Cheese is an almost universally loved food. And what better way to showcase its appeal than a beautiful cheese tray?
First determine the number of guests. If cheese will be the main food, offer 3 pounds for every 8 people; 6 pounds for every 16; and 9 pounds for every 24. If there’ll be other food at the party, approximately 3 to 4 ounces of cheese per person should suffice.
Purchase different flavors and textures for the most variety. Select at least one cheese from each of the four categories:
- Aged (Gouda, aged Cheddar)
- Soft (Camembert, Brie)
- Firm (Manchego, Parmigiano-Reggiano)
- Blue (Gorgonzola, Roquefort, Stilton)
You may also wish to offer various cheeses based on the type of milk they’re made from (cow’s, goat’s, sheep).
Remove all cheese from the fridge one hour before serving to allow flavors to develop at room temperature. Place strong-smelling varieties on their own platters, and be sure to offer a separate knife for each type. Hard cheeses can be broken into chunks with a fork for a natural look. Or slice them for an elegant effect. Serve soft cheeses with a small spoon or knife for easy spreading.
Label the different varieties. For a stylish presentation, place the cheese on a small and clean chalkboard, and then write the name of each variety near the cheese with non-toxic chalk. Wrap and tape printed or hand-written strips of paper around toothpicks as a simple and eye-catching way to identify each type.
Consider staging the platter to demonstrate various pairings. For example, stack aged Cheddar atop slices of sour Granny Smith apple. Or sprinkle candied pecans on soft goat cheese. Drizzle a blue cheese with honey.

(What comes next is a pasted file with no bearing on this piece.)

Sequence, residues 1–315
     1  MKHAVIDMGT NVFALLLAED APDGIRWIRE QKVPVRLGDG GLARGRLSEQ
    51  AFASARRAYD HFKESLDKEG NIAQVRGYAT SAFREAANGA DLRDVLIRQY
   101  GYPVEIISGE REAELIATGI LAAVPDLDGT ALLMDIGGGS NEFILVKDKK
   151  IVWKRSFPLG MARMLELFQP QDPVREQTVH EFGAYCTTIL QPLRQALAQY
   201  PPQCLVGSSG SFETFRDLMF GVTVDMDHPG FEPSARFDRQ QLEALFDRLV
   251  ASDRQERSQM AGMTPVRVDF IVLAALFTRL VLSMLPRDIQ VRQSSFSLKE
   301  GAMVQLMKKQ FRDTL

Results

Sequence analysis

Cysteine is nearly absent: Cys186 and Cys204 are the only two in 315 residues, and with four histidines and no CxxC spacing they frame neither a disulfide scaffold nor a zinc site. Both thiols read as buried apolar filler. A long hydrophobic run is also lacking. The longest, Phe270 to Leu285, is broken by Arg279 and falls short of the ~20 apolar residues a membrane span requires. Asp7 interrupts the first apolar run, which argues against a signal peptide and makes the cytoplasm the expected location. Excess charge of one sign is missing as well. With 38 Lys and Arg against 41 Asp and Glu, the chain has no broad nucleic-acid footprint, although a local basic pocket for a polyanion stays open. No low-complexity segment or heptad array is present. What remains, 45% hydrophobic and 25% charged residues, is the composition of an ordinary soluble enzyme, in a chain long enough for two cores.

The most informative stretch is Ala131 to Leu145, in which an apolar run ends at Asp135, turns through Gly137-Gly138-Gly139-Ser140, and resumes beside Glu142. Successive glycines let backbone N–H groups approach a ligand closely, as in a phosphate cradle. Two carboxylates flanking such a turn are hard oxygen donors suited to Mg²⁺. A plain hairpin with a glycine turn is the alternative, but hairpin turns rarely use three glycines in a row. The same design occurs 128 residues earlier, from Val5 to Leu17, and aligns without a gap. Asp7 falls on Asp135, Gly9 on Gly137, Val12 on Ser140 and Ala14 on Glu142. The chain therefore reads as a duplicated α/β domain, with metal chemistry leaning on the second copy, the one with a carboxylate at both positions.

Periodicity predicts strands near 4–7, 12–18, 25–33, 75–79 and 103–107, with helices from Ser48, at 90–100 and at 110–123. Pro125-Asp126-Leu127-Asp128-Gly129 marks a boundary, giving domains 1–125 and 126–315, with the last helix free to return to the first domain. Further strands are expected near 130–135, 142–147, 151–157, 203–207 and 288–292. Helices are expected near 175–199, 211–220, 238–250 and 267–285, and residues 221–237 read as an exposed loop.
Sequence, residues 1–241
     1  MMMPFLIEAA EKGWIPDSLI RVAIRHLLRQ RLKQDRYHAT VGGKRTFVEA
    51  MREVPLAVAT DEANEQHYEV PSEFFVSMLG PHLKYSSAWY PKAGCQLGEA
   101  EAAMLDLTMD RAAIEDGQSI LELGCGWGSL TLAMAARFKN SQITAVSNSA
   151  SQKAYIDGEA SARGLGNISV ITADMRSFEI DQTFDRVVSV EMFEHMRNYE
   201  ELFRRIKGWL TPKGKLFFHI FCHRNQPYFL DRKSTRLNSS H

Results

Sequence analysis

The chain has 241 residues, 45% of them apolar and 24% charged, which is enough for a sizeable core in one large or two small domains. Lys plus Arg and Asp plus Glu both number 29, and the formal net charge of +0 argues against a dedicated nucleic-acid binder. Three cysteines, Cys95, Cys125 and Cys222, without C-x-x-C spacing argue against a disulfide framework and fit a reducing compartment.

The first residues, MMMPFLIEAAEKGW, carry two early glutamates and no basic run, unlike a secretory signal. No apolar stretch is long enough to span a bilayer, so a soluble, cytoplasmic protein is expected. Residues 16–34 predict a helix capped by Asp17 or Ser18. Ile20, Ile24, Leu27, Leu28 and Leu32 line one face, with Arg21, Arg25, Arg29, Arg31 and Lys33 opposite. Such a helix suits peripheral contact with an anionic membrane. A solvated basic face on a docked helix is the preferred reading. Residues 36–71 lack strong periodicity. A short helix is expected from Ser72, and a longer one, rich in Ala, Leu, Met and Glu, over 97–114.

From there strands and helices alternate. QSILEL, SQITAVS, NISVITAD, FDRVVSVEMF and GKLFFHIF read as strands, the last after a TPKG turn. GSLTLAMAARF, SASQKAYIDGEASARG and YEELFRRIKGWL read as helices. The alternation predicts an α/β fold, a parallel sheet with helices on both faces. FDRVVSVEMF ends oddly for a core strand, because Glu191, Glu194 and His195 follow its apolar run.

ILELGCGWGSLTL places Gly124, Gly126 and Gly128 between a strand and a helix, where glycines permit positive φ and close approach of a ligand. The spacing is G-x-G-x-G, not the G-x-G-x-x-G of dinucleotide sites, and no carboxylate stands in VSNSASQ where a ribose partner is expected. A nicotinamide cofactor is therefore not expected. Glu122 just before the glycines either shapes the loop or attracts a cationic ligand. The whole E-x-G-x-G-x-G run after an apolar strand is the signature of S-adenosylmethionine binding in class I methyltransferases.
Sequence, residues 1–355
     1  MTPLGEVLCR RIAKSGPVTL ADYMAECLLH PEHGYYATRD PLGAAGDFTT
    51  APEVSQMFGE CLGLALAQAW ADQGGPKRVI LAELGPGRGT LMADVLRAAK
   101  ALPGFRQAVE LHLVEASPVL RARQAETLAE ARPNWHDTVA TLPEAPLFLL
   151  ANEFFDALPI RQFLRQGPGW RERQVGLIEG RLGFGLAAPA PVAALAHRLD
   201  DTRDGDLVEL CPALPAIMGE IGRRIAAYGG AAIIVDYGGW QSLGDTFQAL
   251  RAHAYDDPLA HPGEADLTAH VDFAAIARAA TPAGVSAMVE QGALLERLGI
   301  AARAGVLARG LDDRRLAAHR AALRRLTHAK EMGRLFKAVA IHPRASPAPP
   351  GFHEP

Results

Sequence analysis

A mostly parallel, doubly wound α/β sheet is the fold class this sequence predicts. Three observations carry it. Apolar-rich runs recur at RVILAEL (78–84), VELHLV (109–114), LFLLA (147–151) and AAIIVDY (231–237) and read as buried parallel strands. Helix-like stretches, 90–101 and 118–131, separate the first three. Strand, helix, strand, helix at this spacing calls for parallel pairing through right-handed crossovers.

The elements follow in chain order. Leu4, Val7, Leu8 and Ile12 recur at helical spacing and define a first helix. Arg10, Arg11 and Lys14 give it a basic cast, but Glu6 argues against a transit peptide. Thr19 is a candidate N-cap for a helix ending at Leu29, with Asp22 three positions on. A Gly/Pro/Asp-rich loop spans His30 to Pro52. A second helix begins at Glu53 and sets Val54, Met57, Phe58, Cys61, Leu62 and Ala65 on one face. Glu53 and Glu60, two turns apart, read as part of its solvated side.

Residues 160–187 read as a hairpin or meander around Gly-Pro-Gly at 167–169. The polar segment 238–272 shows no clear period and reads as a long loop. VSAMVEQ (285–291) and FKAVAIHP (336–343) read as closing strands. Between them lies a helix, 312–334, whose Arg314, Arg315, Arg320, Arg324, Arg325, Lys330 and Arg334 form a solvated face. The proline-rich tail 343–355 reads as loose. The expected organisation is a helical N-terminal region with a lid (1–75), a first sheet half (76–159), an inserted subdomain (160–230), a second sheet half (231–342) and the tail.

Offer bread and crackers on separate plates or in baskets. Choose flavors that won’t compete with the cheese. Steer clear of anything with sesame seeds, herbs, or garlic. Breads containing walnuts, olives, or dried fruit make a nice accompaniment, as these ingredients pair well with cheese. Serve breads and crackers in varying sizes and shapes for visual appeal (bread sticks, baguettes, round and square crackers).
Alongside the cheese platter, or on it if there’s still room, feature an assortment of salty and sweet accompaniments. Offer fresh fruit (apples, pears, grapes), dried fruit (cherries, apricots, pears, apples), nuts (candied, plain), honey, chutneys, and spicy mustards.
Small bowls of marinated olives, roasted red peppers, and artichoke hearts are popular savory choices. Consider offering cured meats such as prosciutto and salami. Just be sure to not overcrowd the platter.
Wine is a traditional beverage choice with cheese, but sparkling cider makes a festive, non-alcohol accompaniment.